Well Stimulation Treatment (WST) refers to processes performed on oil and gas wells to increase production. The various types of WST enhance the permeability of the geologic formation containing oil and gas.
The Geologic Energy Management Division (CalGEM) oversees WST in California. CalGEM is responsible for safeguarding public health and the environment while working to reach state climate and carbon-neutral objectives. WST regulations increase operational transparency; reporting requirements, including disclosure of WST fluid chemicals; and neighbor notification with the opportunity for neighbors to seek baseline water quality testing. They require an extensive engineering review and well integrity evaluation for groundwater protection and seismic monitoring. This includes a stoppage for evaluation should any earthquake greater than magnitude 2.7 near a stimulation operation occur. The State Water Resources Control Board also must review all proposed projects to determine whether groundwater monitoring is required.
In November 2019, CalGEM requested a third-party scientific review of pending well stimulation permit applications to ensure the state’s technical standards and legal requirements for public health, safety, and environmental protection are met prior to approval of each permit. The Department of Conservation asked experts at the Lawrence Livermore National Laboratory (LLNL) to assess CalGEM’s permit review process. LLNL also evaluated the completeness of operators’ application materials and CalGEM’s engineering and geologic analyses.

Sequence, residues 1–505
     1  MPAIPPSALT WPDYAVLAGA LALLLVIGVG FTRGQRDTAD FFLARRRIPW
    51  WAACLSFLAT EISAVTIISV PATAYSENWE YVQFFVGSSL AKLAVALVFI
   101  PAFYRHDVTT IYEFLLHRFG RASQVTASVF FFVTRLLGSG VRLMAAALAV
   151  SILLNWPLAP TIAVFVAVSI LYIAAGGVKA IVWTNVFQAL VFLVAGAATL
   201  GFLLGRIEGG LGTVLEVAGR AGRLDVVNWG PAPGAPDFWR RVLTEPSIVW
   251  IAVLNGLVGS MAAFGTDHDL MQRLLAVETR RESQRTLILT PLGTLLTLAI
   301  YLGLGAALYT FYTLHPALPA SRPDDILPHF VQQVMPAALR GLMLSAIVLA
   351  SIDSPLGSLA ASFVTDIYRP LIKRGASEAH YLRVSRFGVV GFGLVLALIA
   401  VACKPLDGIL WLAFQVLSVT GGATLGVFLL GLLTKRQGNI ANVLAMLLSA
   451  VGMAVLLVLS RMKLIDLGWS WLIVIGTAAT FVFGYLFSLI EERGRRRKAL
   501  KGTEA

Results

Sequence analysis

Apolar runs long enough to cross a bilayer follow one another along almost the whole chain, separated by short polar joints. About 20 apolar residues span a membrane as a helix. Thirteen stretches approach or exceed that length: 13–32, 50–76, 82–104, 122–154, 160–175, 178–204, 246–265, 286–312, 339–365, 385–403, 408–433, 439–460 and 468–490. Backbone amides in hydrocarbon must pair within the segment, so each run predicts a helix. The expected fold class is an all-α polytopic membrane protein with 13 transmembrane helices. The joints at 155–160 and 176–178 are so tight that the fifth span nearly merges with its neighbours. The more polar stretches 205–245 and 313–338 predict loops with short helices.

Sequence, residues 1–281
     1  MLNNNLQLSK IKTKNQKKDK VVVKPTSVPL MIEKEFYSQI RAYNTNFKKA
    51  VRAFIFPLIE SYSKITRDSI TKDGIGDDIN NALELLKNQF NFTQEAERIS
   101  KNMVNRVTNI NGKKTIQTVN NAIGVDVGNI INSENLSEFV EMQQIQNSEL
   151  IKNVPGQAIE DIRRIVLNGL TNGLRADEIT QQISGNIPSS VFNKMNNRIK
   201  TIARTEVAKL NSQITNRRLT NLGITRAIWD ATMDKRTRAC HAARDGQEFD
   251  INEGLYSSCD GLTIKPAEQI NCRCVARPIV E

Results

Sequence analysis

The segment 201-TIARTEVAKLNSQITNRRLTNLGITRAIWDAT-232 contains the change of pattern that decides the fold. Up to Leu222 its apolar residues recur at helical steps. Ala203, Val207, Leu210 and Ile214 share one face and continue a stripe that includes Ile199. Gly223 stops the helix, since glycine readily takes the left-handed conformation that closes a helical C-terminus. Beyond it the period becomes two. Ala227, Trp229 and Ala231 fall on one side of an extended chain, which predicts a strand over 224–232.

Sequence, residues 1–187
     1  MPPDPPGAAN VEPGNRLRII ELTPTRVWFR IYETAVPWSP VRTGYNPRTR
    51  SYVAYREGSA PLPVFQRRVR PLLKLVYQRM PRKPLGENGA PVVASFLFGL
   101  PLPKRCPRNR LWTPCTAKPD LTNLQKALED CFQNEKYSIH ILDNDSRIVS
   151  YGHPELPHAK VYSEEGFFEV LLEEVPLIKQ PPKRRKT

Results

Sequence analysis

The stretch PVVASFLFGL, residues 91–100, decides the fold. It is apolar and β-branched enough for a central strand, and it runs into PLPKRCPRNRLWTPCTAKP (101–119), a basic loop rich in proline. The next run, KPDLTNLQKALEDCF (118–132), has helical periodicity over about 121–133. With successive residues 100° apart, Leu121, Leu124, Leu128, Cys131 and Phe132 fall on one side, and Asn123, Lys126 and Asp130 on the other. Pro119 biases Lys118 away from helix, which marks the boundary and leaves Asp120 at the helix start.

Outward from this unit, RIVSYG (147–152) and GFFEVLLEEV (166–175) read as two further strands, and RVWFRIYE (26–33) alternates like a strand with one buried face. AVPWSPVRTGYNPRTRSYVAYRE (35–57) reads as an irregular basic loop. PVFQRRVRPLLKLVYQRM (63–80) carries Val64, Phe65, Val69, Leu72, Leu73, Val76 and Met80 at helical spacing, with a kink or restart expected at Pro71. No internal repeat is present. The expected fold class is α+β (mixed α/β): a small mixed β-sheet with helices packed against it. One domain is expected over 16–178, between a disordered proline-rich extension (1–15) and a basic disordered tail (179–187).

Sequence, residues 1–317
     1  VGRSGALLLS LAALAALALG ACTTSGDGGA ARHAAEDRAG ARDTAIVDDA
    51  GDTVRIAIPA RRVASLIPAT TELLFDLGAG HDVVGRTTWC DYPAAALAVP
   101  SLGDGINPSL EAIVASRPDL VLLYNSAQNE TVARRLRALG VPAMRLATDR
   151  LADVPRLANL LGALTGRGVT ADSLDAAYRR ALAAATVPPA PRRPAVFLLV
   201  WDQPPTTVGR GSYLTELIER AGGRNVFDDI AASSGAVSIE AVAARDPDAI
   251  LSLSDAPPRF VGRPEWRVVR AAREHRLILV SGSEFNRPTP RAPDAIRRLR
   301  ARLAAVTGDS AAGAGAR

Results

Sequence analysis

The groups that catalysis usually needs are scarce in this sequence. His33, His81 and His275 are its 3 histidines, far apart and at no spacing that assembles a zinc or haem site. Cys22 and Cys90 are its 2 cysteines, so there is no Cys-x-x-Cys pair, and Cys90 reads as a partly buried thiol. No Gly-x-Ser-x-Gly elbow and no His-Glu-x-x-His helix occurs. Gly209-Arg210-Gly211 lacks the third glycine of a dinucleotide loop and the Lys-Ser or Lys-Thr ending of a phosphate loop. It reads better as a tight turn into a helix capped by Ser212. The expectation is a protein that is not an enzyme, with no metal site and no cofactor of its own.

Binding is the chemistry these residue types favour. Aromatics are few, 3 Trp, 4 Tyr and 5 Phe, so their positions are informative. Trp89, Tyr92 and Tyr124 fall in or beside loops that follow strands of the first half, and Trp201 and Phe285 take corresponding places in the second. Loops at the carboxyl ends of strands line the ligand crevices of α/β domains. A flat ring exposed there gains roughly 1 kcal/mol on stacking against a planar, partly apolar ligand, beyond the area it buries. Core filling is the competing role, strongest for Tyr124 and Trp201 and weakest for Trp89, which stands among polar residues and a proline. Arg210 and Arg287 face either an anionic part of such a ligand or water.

Review Process Update.
Effective December 17, 2019, the public can use
WellSTAR to find information about Well Stimulation Treatment Permits and Well Stimulation Disclosures.
Well Stimulation Treatment
WST Permit and Disclosure Data
WST Application Data prior to WellSTAR
Neighbor Notification and Water Sampling
Hydraulic fracturing (also known as fracking, hydrofracturing, or fracing) is a type of WST. Oil and gas operators sometimes use hydraulic fracturing when pore space in the rock making up the oil or natural gas reservoir is too tight to allow the flow of fluids or gasses to the well.
The hydraulic fracturing process involves a mix of fluids and substances called “proppants” injected at high pressure into an oil or gas reservoir. The mix and the force with which it is injected causes reservoir rock to fracture. When the fluids are removed, the proppants keep the cracks open. Natural gas or oil flow into the cracks and into the well.
Acid fracturing and acid matrix are other types of well stimulation.
Well Stimulation Permit Review Process
The following flowchart and documents provide the steps involved in the review process to issue well stimulation permits.
WST Final Environmental Impact Report (FEIR)
California Council on Science and Technology study
"Advanced Well Stimulation Technologies in California"